Benefits of Watermelon Seeds: why eating them is good for you


The consumption of watermelon – or watermelon – during the summer season contributes to greater hydration and intake of mineral salts. It's not just the pulp of the fruit that is beneficial. What is often discarded, namely its seeds, small, hard and brownish in color, is actually beneficial to health. When asked whether watermelon seeds can be eaten, the answer is yes. With some precautions, and after drying them. As taught by Asian populations, who traditionally also consume watermelon seeds, these normally discarded parts are dried, then the seeds are crumbled into soups or infused to obtain herbal teas. Maybe not everyone knows that watermelon seeds are rich in properties and nutrients, such as mineral salts (including iron, copper, manganese, selenium and magnesium), proteins, group B vitamins and unsaturated fatty acids (in particular omega-6). Among the benefits, we find: the lowering of “bad” cholesterol in favor of “good” cholesterol, and the better assimilation of glucose resulting from the consumption of watermelon.

Watermelon seeds: properties and benefits

Watermelon seeds are rich in fiber, antioxidants and proteins (one pound of seeds has about 35 grams of protein, the same amount of beef has “only” 21 grams). Precisely because of this considerable supply of proteins, watermelon seeds are able to counteract the glycemic index, which is very sugary. They contain polyunsaturated fats, vitamins, especially of groups B and C, and are rich in mineral salts such as iron, zinc and magnesium.

The consumption of watermelon seeds is beneficial in case of various ailments:

Nutritional values ​​of watermelon seeds per 100 grams of product:

  • Energy: 2501 KJ (604 Kcal),
  • Fat: 48.32 g (of which saturated fatty acids: 8.09 g),
  • Carbohydrates: 11.66 g (of which sugars: 1.83 g)
  • Fibre: 3,78 g,
  • Protein: 35 g,
  • Sale 0,01 g

Avoid if…

In general, when consuming watermelon seeds it is best not to overdo it, although there are no intestinal problems. Eating a large quantity of watermelon seeds, especially if chewed without drying them, can cause various types of intestinal problems. Those suffering from diverticulitis should avoid consuming seeds, including watermelon seeds.

How to use them in the kitchen

Watermelon seeds can be used in the kitchen in the preparation of various dishes, as an extremely healthy addition. The most common use is in salads, first toasting them in the oven (they are set aside and left to dry well, once washed and free from any residues of watermelon pulp, they are transferred onto a baking tray lined with baking paper with a pinch of salt and a drizzle of oil extra virgin olive oil are toasted for 15 minutes at 180°C). The flavor, in this case, will be very reminiscent of toasted sunflower seeds. Also excellent as an addition in granola for breakfast, to be eaten with milk or yogurt. You can also add them, dried, to a grinder with garlic, chili pepper, salt, for a spicy and very aromatic mix.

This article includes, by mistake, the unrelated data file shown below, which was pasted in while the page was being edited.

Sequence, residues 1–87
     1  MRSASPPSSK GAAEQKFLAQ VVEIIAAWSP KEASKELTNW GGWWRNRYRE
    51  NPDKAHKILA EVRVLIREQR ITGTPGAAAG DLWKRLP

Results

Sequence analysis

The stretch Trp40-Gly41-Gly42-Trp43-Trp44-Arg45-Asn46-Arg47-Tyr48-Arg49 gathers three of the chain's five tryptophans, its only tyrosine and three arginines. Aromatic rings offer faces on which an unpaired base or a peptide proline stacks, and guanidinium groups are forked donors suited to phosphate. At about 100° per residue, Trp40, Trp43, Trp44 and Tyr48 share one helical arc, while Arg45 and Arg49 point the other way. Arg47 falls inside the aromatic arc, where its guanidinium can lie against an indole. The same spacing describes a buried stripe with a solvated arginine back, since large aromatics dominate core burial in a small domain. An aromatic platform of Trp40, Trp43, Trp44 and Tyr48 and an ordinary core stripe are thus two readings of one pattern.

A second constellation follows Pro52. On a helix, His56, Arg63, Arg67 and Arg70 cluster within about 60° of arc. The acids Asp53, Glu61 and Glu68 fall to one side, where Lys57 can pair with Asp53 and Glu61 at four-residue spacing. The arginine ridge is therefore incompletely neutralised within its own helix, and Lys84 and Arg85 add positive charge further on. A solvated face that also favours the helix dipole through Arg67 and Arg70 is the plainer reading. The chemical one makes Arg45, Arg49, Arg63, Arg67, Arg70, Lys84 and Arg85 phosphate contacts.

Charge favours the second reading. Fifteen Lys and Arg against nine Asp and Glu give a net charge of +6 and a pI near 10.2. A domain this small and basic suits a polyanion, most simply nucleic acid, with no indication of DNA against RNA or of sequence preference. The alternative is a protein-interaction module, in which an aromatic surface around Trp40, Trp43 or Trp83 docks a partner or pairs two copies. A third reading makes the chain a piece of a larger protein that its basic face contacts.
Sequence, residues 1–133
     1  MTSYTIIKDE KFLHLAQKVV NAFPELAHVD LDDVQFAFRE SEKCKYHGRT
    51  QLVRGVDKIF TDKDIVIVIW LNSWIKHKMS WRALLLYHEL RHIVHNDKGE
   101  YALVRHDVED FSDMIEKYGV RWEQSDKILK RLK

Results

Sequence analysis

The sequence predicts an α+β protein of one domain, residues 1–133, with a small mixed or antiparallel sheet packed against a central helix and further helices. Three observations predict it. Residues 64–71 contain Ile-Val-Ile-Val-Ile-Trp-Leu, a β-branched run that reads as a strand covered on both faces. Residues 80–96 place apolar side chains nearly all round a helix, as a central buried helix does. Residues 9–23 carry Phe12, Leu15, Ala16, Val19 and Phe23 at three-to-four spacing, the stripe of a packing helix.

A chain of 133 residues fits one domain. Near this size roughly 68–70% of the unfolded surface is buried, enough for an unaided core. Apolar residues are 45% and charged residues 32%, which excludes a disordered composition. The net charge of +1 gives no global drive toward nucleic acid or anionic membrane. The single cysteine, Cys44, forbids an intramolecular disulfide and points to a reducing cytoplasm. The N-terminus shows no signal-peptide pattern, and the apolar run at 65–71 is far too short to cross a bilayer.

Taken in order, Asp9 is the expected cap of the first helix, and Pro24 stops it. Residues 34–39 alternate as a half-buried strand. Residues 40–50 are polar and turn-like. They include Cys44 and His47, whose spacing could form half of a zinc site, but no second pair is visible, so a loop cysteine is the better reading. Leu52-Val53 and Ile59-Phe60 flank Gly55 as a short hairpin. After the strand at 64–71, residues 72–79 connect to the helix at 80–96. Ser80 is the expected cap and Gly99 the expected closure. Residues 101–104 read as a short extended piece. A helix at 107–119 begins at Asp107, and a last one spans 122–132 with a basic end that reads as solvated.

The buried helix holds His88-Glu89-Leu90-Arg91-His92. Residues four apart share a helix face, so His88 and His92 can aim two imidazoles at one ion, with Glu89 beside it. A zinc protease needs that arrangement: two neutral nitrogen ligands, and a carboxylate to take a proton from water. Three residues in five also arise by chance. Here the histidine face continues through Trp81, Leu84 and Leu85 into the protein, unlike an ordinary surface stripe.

It is also possible to prepare a herbal tea with watermelon seeds, with a draining and diuretic action: it will be sufficient to infuse two tablespoons of watermelon seeds in a liter of boiling water. Leave two tablespoons of watermelon seeds to infuse in a pan with two liters of boiling water. It is left to rest for 15 minutes and then filtered, and it can be drunk hot or cold.

Watermelon seeds are also perfect for preparing protein energy bars, homemade. Add to oat flakes, pumpkin seeds, sunflower seeds, walnuts, almonds, sesame seeds, sultanas, dried blueberries or currants.

How to sow them or make a heat pad

Nothing of the watermelon is thrown away: the peel becomes precious compost to fertilize vegetable gardens and gardens. It's possible too planting watermelon seeds in your home garden.

With watermelon seeds, washed, cleaned and dried, we can make pillows that give relief to the pain caused by cervical (another suitable natural material, for example, are cherry pits). It is sufficient to obtain an old linen rag, the fabric of a cushion or a resistant remnant, sew it on three sides, insert the seeds and close it like a bag. It can be heated in a warm oven or on the stove radiatorand place it on the painful area.

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